Ms. Murad went to college, where she dutifully majored in biology — “my father said that music was not practical” — “but I always took music classes,” she said. She taught both music and science at the Rodeph Sholom School, the Reform day school in Manhattan. “It was amazing to see the same kids in those two different environments,” she said. “They were different, and they said that I changed, too. They said I was much more serious in science.”
After marrying, Ms. Murad and her husband, by then the parents of two young children, moved to Englewood. Now, with an almost-7-year-old and an almost-5-year-old, she has time to devote to the projects “that I always wanted to do but didn’t have time to do.”
Chief among them is exploring and presenting Ladino songs.
Remember how her Sephardic family tree showed only male names? Perhaps ironically, Ladino music, as we know it today, is women’s music, melodies and words that have been passed down through the maternal line.
Ladino, Ms. Murad said, is based on medieval Spanish. Like Yiddish, it absorbed many words from the cultures in which it developed, with Turkish, Italian, and Arabic roots. It’s written with Hebrew letters, but it includes little Hebrew. Traditionally it is sung a cappella, “because these songs are the product of an oral tradition,” Ms. Murad said. “Women sang them at home.” They are not well documented, she added.
Their themes, she said, “are something that everyone can relate to. There are a lot of songs about love, and they address a lot through love songs. They talk about marriage, life, hardship, kids, and death. There’s a lot about falling in love, and a lot about lost love. There’s often an element of sadness about them, but also a real sense of humor. They laugh a lot.
“The music is a combination of styles. There’s a medieval feel to it; you also can hear flamenco, a Middle Eastern sound, a more western sound.” Like Yiddish, like Ladino, each place the Jews lived left an echo in the music.
What’s her favorite Ladino song? Ms. Murad hesitated — there are so many she loves, she said — and then she said “Noches, Noches,” which means “Nights, Nights.”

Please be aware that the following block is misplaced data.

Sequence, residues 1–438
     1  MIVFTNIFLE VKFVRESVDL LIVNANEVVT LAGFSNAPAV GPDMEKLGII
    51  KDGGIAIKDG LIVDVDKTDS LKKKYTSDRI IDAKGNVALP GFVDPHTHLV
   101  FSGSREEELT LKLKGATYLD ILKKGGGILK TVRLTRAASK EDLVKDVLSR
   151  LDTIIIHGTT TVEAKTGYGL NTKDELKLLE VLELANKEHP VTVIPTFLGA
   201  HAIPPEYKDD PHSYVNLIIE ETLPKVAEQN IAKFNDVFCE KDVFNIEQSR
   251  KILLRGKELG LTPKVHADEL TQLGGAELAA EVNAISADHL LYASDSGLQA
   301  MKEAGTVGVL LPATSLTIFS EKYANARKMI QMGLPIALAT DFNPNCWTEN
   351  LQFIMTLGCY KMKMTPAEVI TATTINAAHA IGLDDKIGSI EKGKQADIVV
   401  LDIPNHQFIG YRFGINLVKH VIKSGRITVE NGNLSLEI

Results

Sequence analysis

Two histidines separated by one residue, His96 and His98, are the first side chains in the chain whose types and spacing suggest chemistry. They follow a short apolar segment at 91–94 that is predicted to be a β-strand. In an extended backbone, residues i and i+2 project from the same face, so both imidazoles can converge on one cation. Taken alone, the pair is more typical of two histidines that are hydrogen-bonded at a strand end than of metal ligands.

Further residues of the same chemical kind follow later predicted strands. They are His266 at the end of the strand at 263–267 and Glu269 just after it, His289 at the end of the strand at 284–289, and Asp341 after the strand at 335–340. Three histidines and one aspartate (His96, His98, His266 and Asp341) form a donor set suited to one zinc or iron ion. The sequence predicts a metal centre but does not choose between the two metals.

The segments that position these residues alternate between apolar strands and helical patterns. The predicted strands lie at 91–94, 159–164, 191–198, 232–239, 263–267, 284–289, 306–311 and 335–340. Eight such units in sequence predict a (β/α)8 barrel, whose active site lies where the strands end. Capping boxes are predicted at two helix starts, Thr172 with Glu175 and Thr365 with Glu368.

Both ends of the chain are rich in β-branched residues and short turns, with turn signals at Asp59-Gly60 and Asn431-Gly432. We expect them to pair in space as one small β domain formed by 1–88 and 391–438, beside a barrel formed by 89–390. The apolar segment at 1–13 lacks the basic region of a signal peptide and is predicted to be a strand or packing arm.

Transliterated into English, that is how the song begins.
“Noches, noches, buenas noches/Noches son d’enamorar/Ah, noches son d’enamorar.
Dando bueltas por la kama/Komo l’peshe en la mar/Ah l’peshe en la mar.”
Spanish-speakers — or even speakers of other Romance languages — will recognize much of this.
“Nights, nights, good nights/Nights are for falling in love. Ah, nights are for falling in love,” the singer begins.
“In my bed I am restless/Tossing, turning like a fish in the sea/Oh, like a fish in the sea.”
There are many reasons for the song’s survival, Ms. Murad said. One is the music. “It’s a very Middle Eastern-scale melody,” and it’s lovely. Another is the words, which go on to talk about three sisters, each in love, each with her own perspective on her plight. “You could say it’s just about love, but there is a lot of trauma there.
“Those nights should have been in Spain — with the smells of roses and the sounds of fountains, with all that beauty — but it wasn’t like that. It was so tormented for them. They just didn’t know what was going to happen, if they would survive the night.
“You really feel the sense of the Jewish experience, of being tossed around like a little fish in the sea. You’re a little fish — there are not a lot of you — and you are in the vast ocean, and you have to fight against the tide. You have to fight all the time.”
But somehow, she said, “they did survive. And so did the music.”